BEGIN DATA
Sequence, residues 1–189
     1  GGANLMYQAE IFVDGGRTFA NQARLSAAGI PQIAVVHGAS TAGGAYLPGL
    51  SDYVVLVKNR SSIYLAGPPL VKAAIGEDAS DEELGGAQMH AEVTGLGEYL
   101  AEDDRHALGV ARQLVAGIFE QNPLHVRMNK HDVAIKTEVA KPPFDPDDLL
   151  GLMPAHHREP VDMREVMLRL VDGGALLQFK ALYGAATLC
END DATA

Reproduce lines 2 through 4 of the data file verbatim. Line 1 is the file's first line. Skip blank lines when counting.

     1  GGANLMYQAE IFVDGGRTFA NQARLSAAGI PQIAVVHGAS TAGGAYLPGL
    51  SDYVVLVKNR SSIYLAGPPL VKAAIGEDAS DEELGGAQMH AEVTGLGEYL
   101  AEDDRHALGV ARQLVAGIFE QNPLHVRMNK HDVAIKTEVA KPPFDPDDLL